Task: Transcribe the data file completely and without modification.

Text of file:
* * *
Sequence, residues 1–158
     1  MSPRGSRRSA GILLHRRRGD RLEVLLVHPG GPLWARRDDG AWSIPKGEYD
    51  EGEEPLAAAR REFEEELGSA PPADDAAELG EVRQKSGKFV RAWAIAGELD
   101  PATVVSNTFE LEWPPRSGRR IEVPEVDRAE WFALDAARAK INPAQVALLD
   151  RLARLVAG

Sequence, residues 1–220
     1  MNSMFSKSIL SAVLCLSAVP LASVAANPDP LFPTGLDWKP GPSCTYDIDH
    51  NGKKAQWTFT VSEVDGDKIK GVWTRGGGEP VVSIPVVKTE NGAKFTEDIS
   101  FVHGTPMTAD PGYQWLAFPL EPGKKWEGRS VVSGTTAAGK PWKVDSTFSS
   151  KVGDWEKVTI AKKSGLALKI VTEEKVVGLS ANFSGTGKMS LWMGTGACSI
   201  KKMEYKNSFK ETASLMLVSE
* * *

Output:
Sequence, residues 1–158
     1  MSPRGSRRSA GILLHRRRGD RLEVLLVHPG GPLWARRDDG AWSIPKGEYD
    51  EGEEPLAAAR REFEEELGSA PPADDAAELG EVRQKSGKFV RAWAIAGELD
   101  PATVVSNTFE LEWPPRSGRR IEVPEVDRAE WFALDAARAK INPAQVALLD
   151  RLARLVAG

Sequence, residues 1–220
     1  MNSMFSKSIL SAVLCLSAVP LASVAANPDP LFPTGLDWKP GPSCTYDIDH
    51  NGKKAQWTFT VSEVDGDKIK GVWTRGGGEP VVSIPVVKTE NGAKFTEDIS
   101  FVHGTPMTAD PGYQWLAFPL EPGKKWEGRS VVSGTTAAGK PWKVDSTFSS
   151  KVGDWEKVTI AKKSGLALKI VTEEKVVGLS ANFSGTGKMS LWMGTGACSI
   201  KKMEYKNSFK ETASLMLVSE